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Ideas for solar power in home -- - Page 14

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Posted by Derek Broughton on February 9, 2006, 1:42 pm
ghostwriter wrote:

What happens is: you plan the conversion; you decide $5000 is too much; you
go on a serious energy conservation program; you get costs down to $0000
and decide it's worthwhile.

Of course, you've now got your monthly electricity bill down to about
$50/mo :-)

When you're currently connected to the grid, going off-grid will rarely make
sense.  Going to a grid-tie system, might.  otoh, when you don't have the
grid to begin with, bringing it in is often not a paying proposition.  You
don't have to be very far off-grid at all to get the cost of running poles
and lines above the cost of installing your own power.

Posted by Josh Hill on February 9, 2006, 1:07 am
On 8 Feb 2006 12:05:56 -0800, "ghostwriter"

That's the way it should work, anyway! I gather from what I've read
that the market isn't always that rational. Some people may look upon
solar power as a complicated albatross (and in some installations
they're right!), or find solar panels unsightly. In other cases,
something like a pleasant sunroom can add more to the value of the
property than its energy contribution would suggest.


"President Washington, President Lincoln, President Wilson, President Roosevelt
all authorized electronic surveillance on a far broader scale." - Alberto

Posted by daestrom on February 8, 2006, 10:40 pm

Your idea has some good points.  But a couple of issues.

For the power company to have a lien against some property, then it would
have to be recorded in the public record.  Now, try and sell your house.
Most prospective buyers would not be able to get financing because their
bank would not be able to be recorded as the first mortgage/lien holder.
(the 'first mortgage' is the oldest recorded outstanding claim against the
property.  Banks want this position because if the loan defaults, they are
first in line to receive the proceeds from any forced sale).  So you'd have
to pay off the lien before you sold the house.  Not a complete
'show-stopper', but a complication.

Considering that the 'average homeowner' moves every 5 to 7 years, the
utility loan would have to be set up to pay off somewhere in that time

Refinancing with a 'home improvement' loan is tough in this case because
banks/realtors can't put a good solid price on the value added.  It isn't
just the retail 'sticker price' of the system.  It's how much more the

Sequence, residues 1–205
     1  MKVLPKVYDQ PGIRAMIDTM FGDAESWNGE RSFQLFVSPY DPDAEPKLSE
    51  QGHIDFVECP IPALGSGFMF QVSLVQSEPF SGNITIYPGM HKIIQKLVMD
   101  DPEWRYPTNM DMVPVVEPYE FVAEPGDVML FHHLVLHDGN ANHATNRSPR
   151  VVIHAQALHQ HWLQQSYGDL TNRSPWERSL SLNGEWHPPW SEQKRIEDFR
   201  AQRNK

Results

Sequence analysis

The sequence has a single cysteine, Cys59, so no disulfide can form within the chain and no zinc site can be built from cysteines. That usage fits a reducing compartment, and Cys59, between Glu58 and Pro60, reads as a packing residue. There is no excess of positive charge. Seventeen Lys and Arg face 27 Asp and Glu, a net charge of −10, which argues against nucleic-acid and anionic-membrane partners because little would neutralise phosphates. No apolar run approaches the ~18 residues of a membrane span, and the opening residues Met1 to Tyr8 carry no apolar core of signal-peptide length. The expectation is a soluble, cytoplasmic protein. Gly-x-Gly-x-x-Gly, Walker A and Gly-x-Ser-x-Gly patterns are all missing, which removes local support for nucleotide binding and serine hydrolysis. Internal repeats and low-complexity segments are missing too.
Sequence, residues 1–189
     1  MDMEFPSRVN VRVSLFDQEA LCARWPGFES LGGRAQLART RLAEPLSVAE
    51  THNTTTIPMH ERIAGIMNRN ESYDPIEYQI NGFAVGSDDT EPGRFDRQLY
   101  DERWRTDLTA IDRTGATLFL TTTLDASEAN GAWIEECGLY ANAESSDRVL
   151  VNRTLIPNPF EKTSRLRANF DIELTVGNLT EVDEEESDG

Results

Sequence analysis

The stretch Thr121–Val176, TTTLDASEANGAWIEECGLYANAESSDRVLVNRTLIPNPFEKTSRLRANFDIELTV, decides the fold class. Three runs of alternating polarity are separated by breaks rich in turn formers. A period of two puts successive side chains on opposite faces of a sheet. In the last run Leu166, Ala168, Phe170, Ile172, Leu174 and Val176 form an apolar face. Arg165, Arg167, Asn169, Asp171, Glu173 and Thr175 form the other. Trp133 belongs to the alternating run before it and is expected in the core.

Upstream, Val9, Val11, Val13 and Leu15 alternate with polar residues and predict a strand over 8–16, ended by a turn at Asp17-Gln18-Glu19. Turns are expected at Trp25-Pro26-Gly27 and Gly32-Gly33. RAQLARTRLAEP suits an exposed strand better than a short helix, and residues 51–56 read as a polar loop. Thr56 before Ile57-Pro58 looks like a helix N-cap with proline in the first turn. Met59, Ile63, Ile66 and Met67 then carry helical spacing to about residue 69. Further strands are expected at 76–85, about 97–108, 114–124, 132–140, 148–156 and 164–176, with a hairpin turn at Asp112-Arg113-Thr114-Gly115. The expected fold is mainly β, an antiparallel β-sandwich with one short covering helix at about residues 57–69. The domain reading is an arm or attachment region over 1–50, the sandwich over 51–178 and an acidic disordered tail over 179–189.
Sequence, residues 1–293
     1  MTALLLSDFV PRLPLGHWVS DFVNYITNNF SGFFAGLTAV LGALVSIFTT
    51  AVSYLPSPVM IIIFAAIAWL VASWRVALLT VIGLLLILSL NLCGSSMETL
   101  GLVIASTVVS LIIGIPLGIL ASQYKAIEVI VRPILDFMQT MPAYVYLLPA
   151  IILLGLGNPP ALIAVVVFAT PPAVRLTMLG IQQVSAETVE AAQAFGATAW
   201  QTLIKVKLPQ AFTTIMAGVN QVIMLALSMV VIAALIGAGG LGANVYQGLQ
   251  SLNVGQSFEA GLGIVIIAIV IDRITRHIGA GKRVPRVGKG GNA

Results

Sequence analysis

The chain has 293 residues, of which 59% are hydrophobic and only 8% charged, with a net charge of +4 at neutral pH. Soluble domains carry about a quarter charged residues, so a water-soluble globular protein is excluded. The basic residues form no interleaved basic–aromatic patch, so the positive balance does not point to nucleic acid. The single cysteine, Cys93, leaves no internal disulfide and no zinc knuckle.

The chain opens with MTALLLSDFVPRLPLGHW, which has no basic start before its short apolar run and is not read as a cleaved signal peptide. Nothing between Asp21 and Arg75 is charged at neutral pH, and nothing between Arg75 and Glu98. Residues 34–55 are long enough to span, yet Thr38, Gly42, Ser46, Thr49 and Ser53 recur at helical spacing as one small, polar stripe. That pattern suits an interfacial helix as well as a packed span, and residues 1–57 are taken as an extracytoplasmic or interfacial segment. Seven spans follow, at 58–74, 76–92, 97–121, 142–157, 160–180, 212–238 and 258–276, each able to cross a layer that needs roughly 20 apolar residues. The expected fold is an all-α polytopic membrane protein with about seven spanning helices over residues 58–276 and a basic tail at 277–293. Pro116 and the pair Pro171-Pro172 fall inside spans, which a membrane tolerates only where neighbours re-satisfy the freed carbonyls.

average buyer would be willing to pay because your home has this extra
'feature'.  Kind of like how much more is your home worth if you have a
second bath, or a fireplace.  But those features are common enough that
realtors/appraisors can put a fairly reliable number on them.  And if the
appraisal doesn't justify the added 'value', the bank won't make the loan
for it.


Posted by Josh Hill on February 9, 2006, 1:27 am
 On Wed, 08 Feb 2006 22:40:31 GMT, "daestrom"

That reinforces my sense that the traditional approach isn't the most
effective one, and that the government would have to get involved, not
to write the loans, but to pass the enabling legislation that would
overcome these and similar obstacles.

Since the energy audit would be performed by a professional energy
assessor, the upgrades would be installed only if they yielded on
average a positive cash flow, and the loan would be part of the
utility bill whoever owned the house, I don't think the lien would
concern a bank writing a new mortgage; if the house were auctioned
off, the bank would receive all proceeds, and the new owner would
inherit the obligation for continued payments for items in the fixed
plant, assuming that the legislation required that.


"President Washington, President Lincoln, President Wilson, President Roosevelt
all authorized electronic surveillance on a far broader scale." - Alberto

Posted by dold on February 8, 2006, 9:00 pm
In one sense, payback of solar power could be achieved if payments on a
loan to install solar were exactly the amount that you would otherwise pay
for electricity.

That was offered to me by SunPowerGeo, but it has since been retracted to
applying only to commercial installations.

I think it is offered by Akeena Solar, as part of their "positive cash flow in
the first year".

Clarence A Dold - Hidden Valley (Lake County) CA USA  38.8,-122.5

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